A new study by The Motor Ombudsman has found that the majority of respondents would consider buying an electric vehicle in 2022.
An online YouGov study of 1,731 UK drivers has revealed that six in ten (61%) respondents would consider getting behind the wheel of an electric car if they were to purchase a new or used vehicle in 2022.
The poll conducted by the Ombudsman for the automotive sector, also showed that 18 to 24-year-olds would be the most likely to turn to battery power for their next car, with 79% of this age group saying they would opt for this type of propulsion.
When individuals considering an electric car were asked about the key factors that would influence their decision to buy this type of vehicle next year, 59% said that the UK’s growing charging network would be an important reason. The greater choice of electric models now available (42%) was seen as the next biggest factor, with 39% of citing the fact that a decision to go electric was due to the cost of unleaded and diesel increasing significantly, prices which have reached their highest level in eight years.
The fuel crisis also influenced respondents, according to the survey. It found that petrol station closures and the unavailability of fuel at the pumps was the fourth most stated factor to go electric (22%), whilst avoiding incurring future charges as a result of the expansion of London’s Ultra Low Emission Zone (ULEZ) later this month, was specified by 15% of those looking to go electric.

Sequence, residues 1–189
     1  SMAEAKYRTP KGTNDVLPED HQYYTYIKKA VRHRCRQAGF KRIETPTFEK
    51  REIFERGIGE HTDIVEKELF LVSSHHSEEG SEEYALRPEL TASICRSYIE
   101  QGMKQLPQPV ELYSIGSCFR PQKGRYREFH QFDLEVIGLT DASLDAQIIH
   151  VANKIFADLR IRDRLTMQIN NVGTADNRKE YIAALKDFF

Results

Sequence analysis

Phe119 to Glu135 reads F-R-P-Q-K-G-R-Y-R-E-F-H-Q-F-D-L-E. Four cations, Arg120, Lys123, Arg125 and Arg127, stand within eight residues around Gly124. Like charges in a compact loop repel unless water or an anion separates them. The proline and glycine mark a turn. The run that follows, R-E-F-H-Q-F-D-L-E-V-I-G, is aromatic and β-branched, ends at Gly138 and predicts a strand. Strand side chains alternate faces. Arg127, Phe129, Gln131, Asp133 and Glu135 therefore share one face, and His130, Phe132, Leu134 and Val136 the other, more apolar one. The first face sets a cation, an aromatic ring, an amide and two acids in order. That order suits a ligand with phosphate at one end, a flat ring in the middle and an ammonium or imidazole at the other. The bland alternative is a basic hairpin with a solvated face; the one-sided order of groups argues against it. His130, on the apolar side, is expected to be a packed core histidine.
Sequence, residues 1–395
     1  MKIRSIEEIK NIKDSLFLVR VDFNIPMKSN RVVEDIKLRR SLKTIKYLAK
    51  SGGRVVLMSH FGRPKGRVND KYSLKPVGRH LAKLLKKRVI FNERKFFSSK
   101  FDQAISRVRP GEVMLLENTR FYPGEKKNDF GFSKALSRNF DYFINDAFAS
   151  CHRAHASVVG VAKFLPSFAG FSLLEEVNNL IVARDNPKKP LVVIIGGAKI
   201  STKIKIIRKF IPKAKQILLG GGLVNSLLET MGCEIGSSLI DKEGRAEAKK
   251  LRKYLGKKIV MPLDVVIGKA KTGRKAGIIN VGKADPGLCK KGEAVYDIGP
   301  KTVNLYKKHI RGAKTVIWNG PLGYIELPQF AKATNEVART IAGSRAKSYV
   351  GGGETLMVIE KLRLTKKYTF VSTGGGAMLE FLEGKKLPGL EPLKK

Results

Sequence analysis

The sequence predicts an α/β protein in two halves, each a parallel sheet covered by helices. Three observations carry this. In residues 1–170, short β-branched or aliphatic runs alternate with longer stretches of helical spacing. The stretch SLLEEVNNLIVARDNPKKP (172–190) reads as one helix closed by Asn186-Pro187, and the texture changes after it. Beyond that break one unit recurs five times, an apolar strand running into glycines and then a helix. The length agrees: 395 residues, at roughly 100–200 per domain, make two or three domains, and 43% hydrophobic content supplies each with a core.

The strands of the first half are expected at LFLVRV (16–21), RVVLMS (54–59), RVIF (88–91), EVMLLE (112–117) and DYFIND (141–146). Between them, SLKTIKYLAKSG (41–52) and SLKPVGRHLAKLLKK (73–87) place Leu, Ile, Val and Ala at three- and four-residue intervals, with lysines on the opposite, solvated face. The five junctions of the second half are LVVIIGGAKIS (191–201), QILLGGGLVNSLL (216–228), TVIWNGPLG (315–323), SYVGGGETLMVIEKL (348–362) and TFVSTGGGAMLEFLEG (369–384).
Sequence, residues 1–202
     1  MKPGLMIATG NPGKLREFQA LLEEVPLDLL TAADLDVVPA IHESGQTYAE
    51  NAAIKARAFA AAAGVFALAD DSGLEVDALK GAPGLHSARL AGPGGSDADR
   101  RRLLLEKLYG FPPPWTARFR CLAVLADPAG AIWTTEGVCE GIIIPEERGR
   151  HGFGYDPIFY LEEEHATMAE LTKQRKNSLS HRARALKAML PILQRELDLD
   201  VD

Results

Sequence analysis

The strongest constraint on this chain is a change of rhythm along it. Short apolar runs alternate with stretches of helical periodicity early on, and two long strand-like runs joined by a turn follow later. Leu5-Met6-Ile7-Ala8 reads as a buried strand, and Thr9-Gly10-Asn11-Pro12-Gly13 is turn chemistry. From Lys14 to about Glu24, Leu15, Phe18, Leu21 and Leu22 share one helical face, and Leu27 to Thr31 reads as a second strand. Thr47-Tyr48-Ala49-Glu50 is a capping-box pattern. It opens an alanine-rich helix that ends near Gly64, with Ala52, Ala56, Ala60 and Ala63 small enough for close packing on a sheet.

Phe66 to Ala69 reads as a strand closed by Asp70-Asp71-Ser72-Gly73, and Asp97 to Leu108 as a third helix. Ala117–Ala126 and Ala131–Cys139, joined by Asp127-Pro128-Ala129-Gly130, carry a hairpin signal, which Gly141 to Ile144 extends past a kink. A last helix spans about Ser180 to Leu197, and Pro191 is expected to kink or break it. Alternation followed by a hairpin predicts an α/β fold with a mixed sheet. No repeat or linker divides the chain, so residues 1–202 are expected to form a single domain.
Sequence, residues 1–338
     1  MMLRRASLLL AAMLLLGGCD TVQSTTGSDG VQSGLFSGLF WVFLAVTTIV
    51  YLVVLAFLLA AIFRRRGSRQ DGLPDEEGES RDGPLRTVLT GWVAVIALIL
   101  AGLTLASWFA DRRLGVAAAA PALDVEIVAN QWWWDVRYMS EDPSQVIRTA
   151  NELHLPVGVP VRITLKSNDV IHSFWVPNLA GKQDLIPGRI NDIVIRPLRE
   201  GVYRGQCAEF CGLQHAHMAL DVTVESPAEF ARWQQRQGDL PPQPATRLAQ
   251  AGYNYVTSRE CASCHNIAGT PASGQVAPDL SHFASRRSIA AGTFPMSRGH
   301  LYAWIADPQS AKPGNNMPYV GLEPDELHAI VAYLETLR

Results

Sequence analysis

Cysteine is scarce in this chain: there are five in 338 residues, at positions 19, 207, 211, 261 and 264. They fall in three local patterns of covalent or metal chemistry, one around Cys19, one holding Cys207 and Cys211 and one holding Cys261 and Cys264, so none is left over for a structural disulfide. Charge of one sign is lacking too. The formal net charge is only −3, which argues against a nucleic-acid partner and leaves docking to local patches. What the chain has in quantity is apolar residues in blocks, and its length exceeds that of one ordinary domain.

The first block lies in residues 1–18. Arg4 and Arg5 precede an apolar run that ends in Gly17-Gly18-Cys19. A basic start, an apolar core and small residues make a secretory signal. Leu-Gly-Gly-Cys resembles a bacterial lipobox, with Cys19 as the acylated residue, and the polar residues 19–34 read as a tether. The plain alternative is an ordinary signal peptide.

When quizzed about their other principal motivations for going electric in 2022, around two thirds (68%) of drivers who would consider a purely battery-driven car next year, said that this this type of vehicle was better for the environment, whilst 39% explained that electric cars could be charged on their driveway at their own convenience.
Similarly, nearly one in three (29%) stated that an electric car would suit their lifestyle in terms of their low monthly mileage and driving mainly in urban areas, whilst nearly a quarter (24%) felt that deciding to go electric would set a good example to others. Furthermore, around a fifth (19%) acknowledged that owning an electric car would require the maintenance of fewer moving parts and the topping up of less fluids when compared to running a vehicle with an engine.
Bill Fennell, chief ombudsman and managing director of the Motor Ombudsman, said: “As our study has shown, electric vehicles are fast becoming a leading choice for motorists when buying a car, thanks in part to the growing charging network and the greater choice of models now on the market. However, current events, such as the rising cost of petrol and diesel at the pumps, the unavailability of fuel, as well as the expansion of the Ultra Low Emission Zone in the London area, are clearly front of mind for consumers, and are playing their part in the decision regarding what type of car to get next.”
He added: “What is important when buying any kind of car, not solely an electric model, is that our popular online Garage Finder is consulted as one of the first steps in the purchase process, to ensure that the independent retailer or franchise dealer is accredited to our comprehensive Vehicle Sales Code. With cars often being the second largest expense after a property, choosing a seller signed up to the Code of Practice gives consumers the added peace of mind that a business is committed to providing them with the very highest levels of quality and service at all times.”